A system of self-organizing traffic lights could reduce congestion, according to European researchers. The key is allowing lights to switch from green to red in a decentralized, chaotic way, instead of following a regular programmed pattern.
Though you might curse them at every red light, city planners do try to synchronize traffic signals to improve flow, even relying on supercomputers to design the optimal patterns. Lights stay green longer during peak traffic hours, and computer models help prioritize public transit. But variables like pedestrians in crosswalks, large crowds and vehicle wrecks can throw a carefully designed system out of whack, leading to annoying and pollution-causing traffic jams.
Stefan Lämmer, a professor at Dresden University of Technology in Germany, and Dirk Helbing, a professor in Zurich, Switzerland, who works with the Santa Fe Institute in New Mexico, say a self-organizing system would work better.
They started by modeling traffic as if it were a fluid, comparing intersections to a network of pipes. Then they gave each traffic signal a sensor that provides information about traffic at a given moment. Computer chips in the lights calculate the expected flow of vehicles, and determine how long the lights should stay green.
But this "jungle principle" of every light for itself does not result in harmony, the researchers said. If each traffic light responds to its immediate demands, then all the lights will just react to the traffic coming from nearby intersections, which defeats the purpose of a smart network.
The solution is a decentralized approach that lets the traffic lights work together by figuring out how changes at each individual intersection would affect the entire system. Instead of being stymied by natural fluctuations in traffic, the system takes advantage of them, using random gaps to help improve traffic flow. Traffic lights could request green time only when there is a definite demand for them, the researchers write. This acyclic approach could eliminate the particularly annoying problem of sitting at a red light while there's no traffic.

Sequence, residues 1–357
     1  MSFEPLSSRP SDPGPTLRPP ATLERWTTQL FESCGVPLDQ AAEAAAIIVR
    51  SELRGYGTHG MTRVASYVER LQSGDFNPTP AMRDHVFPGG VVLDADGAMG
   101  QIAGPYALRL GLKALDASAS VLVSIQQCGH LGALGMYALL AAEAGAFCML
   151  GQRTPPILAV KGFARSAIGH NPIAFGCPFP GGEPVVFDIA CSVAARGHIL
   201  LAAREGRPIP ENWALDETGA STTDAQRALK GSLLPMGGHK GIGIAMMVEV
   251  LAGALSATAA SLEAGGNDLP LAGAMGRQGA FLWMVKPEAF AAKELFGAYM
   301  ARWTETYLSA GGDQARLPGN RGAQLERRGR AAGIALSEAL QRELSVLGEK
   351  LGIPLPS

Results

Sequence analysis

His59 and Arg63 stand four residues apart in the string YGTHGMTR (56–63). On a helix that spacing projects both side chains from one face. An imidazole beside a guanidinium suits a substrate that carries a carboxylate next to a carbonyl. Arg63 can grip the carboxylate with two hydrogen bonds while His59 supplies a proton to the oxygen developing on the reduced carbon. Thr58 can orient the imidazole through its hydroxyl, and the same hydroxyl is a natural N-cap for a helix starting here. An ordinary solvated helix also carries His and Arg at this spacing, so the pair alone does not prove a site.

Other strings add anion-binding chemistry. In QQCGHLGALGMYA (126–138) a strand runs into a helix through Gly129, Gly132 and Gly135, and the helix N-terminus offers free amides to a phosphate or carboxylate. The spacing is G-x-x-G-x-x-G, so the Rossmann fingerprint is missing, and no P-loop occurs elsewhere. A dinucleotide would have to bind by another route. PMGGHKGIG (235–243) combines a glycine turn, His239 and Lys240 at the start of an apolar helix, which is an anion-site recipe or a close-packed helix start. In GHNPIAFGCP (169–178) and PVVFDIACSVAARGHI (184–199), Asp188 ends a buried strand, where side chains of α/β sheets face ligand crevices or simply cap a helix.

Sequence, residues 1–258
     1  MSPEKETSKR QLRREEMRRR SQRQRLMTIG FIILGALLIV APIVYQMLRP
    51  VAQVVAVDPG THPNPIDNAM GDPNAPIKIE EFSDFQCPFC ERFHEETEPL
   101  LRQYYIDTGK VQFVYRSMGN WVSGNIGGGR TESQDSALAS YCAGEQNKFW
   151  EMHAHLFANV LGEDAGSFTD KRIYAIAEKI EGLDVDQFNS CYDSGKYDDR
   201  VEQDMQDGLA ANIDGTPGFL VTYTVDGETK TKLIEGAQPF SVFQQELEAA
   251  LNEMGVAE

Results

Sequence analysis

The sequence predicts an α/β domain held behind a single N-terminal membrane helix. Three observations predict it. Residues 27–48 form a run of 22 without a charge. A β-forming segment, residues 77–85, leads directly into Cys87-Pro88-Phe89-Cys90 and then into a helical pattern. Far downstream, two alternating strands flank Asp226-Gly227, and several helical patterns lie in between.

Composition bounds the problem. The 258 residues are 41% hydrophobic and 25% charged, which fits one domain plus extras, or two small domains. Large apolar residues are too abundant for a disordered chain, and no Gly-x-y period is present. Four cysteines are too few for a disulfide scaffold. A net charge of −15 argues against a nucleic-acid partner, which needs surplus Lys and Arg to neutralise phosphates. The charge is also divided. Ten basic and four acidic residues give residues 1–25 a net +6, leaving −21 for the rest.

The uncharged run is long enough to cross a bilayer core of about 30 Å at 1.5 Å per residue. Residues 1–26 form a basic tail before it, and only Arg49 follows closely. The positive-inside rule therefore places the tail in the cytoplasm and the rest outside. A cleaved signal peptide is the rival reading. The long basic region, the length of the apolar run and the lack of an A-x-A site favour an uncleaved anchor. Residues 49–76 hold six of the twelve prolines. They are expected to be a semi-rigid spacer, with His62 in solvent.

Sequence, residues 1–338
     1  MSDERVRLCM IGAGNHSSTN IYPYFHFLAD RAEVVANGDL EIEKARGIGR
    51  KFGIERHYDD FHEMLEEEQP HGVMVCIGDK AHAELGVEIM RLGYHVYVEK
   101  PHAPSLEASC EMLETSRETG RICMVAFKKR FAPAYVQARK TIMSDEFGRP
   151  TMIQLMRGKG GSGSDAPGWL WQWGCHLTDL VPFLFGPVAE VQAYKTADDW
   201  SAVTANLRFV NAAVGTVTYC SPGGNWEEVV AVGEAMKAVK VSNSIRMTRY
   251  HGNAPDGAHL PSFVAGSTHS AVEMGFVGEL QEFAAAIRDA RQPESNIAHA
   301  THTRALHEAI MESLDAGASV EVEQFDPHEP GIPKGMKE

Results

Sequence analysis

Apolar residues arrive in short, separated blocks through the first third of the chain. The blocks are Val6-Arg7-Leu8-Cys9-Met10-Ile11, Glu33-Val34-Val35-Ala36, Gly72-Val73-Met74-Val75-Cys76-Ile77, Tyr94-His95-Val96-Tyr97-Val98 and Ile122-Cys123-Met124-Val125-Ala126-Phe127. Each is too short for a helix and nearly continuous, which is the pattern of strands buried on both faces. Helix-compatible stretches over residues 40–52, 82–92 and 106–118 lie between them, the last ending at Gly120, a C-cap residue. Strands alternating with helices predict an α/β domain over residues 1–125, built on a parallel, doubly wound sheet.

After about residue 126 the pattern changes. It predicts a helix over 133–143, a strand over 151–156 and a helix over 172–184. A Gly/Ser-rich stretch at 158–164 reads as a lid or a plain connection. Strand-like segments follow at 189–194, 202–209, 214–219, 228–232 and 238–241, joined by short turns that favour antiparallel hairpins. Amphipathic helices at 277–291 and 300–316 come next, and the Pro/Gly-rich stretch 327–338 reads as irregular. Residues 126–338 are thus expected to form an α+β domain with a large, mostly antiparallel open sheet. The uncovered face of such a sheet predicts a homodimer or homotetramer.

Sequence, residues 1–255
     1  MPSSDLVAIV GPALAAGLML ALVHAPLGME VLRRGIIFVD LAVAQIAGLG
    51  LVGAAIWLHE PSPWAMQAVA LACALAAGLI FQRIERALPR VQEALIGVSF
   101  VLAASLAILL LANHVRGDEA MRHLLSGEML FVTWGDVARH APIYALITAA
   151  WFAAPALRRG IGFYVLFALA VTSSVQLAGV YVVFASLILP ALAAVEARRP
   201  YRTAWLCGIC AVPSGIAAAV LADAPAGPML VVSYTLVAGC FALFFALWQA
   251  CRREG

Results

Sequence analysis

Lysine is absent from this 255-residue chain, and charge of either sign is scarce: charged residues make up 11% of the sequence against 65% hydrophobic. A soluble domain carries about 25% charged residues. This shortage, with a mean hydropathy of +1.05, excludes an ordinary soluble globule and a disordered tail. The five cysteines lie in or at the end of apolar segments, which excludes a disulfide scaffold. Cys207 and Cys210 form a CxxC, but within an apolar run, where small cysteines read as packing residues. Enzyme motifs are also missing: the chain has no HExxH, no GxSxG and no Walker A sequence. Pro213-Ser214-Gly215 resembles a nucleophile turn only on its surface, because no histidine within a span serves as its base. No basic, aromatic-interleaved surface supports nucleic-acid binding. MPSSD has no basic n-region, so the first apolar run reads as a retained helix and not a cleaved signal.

Lämmer and Helbing tested tested their algorithms in a computer-simulated version of the city center of Dresden, and found delay times could be reduced from 10 to 30 percent. Their paper doesn't mention road rage, but if the system works, it's safe to assume reductions there, too.
Oh great more chaos that's all we need!
Lights have to be timed so chaos won't work unless lights talk to themselves miles and miles away and work out best scheme. For sure many lights go stupidly with 30 seconds or more with NO traffic while the perpendicular lanes are backed up for miles. Happens everywhere. Maybe it could help cut down on this and save gas but only if they do things reasonably EXPECTED or your going to have people jamming on the brakes suddenly when things are 'different' than expectations. And that can result in MORE people getting hurt.
excellent technique: reducing congestion by reducing human life. just give them a mind of their own and they develop emotions such as anger, develop their own traffic light weapons and kill us all.
silly monkeys give them thumbs they forge a blade and where theres one they're bound to divide it- right in two
I'm not convinced this will work. When the lights go out and they put a policeman there to direct traffic you can't argue that they are intelligently directing traffic, but in those cases I have mostly felt that traffic is moving slower then when the traffic lights are working.
they already do this in fort lauderdale fl. get with it everyone, its a blessing to drive there. you dont waste time sitting at red lights when no one else is on the road. its a beautiful thing!
Reminds me of the elevators in the hitchhiker's guide to the galaxy.
http://traffic-light-restoration.blogspot.com/ to fix traffic lights